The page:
Praise for animal welfare efforts

29 Mar, 2006 08:45 PM
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OVERSEAS-BASED animal rights lobby group Animals' Angels acknowledged the Australian livestock industry's efforts to improve animal welfare at a live export forum in Perth last week.

The group's Dawn Lowe met with representatives from Meat and Livestock Australia, Agriculture Department, WA Farmers Federation, RSPCA, Elders, Landmark and livestock transport companies at the event to discuss the issues industry faced.

Mrs Lowe said the forum, which was organised by the Pastoralists and Graziers Association (PGA) and attended by 36 people, was a good first step to making constructive changes to animal welfare.

"It was good to have all groups sitting together and talking," she said.

"Everyone was given the chance to have their say so there were lots of ideas coming in."

Mrs Lowe said Animals' Angels had made a lot of achievements during its two years in WA.

She said the group's method of approaching industry direct rather than the media had proved successful.

"We want people to understand that we (animal welfare groups) are not all to be feared," Mrs Lowe said.

"We just want to get some good, positive changes happening."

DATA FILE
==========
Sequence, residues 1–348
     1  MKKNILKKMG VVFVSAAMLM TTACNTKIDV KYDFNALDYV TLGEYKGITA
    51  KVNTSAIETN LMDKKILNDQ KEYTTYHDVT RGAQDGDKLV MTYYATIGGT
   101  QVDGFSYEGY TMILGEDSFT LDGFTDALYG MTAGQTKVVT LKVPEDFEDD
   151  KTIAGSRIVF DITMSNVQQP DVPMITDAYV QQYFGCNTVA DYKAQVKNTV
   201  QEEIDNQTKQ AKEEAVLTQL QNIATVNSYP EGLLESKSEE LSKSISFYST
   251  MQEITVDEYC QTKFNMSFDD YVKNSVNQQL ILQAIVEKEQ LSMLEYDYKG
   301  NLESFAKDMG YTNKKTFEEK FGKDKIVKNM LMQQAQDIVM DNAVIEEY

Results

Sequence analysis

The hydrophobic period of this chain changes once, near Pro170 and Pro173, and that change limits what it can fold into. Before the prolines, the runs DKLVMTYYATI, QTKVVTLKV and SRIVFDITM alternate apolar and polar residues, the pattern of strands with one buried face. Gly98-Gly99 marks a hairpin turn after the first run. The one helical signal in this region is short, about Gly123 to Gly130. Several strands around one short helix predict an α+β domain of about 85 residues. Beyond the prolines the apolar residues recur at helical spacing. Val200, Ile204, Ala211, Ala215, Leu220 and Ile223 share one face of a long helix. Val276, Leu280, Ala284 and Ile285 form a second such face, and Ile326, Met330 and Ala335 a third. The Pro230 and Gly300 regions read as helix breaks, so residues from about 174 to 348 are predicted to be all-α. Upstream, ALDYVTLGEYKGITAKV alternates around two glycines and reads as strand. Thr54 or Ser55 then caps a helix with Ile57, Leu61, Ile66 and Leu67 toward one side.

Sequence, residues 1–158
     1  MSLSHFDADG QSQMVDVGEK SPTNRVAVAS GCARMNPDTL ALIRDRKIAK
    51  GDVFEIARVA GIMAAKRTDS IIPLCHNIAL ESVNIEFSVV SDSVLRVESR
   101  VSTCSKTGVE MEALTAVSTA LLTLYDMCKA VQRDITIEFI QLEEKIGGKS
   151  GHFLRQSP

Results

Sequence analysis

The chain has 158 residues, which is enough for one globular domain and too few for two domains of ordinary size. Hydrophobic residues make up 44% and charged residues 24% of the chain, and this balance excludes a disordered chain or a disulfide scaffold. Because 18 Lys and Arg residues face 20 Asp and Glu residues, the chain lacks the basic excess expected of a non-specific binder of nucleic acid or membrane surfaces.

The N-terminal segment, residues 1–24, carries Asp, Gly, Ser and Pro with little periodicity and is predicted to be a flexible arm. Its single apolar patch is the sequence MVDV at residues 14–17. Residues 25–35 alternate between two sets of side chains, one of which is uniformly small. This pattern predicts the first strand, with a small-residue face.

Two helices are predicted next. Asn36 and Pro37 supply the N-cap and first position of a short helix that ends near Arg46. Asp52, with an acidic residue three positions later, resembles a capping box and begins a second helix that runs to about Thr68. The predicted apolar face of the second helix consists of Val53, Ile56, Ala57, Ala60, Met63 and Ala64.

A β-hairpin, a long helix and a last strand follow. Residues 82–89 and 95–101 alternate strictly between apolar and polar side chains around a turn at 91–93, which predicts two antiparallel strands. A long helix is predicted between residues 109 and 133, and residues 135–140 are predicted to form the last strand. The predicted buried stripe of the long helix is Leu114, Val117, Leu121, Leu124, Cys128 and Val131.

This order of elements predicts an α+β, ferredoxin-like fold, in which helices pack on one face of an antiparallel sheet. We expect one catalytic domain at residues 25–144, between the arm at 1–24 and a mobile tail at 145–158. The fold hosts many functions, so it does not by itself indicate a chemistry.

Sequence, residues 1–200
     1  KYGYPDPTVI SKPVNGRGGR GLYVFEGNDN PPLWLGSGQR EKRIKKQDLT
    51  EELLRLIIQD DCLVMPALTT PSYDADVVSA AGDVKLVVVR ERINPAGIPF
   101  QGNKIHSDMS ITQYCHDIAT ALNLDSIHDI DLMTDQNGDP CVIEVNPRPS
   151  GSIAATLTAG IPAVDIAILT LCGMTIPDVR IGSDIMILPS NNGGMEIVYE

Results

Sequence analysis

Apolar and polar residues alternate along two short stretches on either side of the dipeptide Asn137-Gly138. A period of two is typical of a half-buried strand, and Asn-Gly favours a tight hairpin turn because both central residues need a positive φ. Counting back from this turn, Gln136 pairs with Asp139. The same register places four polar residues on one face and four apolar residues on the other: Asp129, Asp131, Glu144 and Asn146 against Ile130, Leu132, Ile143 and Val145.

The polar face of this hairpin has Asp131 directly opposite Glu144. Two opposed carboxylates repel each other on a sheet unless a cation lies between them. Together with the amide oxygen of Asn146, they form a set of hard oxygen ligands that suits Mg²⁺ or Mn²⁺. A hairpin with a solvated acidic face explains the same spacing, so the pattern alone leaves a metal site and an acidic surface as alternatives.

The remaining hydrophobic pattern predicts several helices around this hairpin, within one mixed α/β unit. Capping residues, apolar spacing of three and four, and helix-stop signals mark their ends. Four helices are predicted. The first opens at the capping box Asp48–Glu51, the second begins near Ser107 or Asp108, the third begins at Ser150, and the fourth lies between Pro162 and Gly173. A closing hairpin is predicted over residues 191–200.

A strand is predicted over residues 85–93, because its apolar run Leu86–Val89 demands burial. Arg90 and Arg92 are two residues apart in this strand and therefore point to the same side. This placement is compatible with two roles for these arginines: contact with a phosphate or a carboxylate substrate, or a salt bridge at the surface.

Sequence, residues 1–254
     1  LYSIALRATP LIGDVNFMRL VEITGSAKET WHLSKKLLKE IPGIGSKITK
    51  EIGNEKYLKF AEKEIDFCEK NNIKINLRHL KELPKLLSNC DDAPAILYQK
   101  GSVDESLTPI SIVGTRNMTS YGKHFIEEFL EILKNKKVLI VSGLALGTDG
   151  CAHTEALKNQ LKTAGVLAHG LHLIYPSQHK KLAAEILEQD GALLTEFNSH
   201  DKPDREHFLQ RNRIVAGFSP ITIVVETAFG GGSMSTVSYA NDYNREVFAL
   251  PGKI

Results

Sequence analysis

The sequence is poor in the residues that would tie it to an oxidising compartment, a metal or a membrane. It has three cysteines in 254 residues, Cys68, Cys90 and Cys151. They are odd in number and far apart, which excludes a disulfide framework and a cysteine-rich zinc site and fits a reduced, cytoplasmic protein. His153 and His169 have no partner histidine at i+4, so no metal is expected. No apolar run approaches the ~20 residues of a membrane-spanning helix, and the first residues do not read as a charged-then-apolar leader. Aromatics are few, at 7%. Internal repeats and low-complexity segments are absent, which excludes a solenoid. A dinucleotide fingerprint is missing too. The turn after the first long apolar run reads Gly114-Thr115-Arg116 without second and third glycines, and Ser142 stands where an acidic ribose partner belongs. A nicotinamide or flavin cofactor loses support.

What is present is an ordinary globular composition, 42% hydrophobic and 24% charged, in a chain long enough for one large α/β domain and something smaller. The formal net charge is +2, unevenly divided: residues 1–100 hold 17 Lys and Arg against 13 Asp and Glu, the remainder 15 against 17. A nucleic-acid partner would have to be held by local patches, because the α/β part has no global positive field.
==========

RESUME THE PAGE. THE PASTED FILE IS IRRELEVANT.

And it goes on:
PGA meat and livestock chairman Tim D'Arcy said he was impressed with the forum turn-out.

He said it was great to see industry and animal welfare group representatives sit together and have a constructive discussion.

He said improving animal welfare standards and communicating those standards was of utmost importance to the delegates.

The relocation of Fremantle port also was a prominent topic.

Others topics raised included infrastructure and capacity issues, training, and national animal welfare standards and codes.

Animals Australia's and People for the Ethical Treatment of Animals' (PETA) strategy on conditions in Egypt and the Middle East highlighted to the group the importance of animal welfare promotion and communication.

The group decided an orderly industry response was needed when and if things went wrong.

Murdoch University Dean Professor John Edwards was at the meeting and hailed it a success.

Professor Edwards said the important issues were put on the table and it was a good start to finding resolutions.

"Animal welfare standards in WA have been steadily increasing, but we need to develop them further," he said.

"The WA industry needs to be actively involved in legislation so that it is effective and works in WA."

There will be another assembly with Local Government and Regional Development Minister Jon Ford in Perth on April 5.

Mr D'Arcy said the meeting would seek resolutions to the forum's outcomes.

COMMENTS

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Australia's live animal trade is nothing but a blood stained industry that suits those who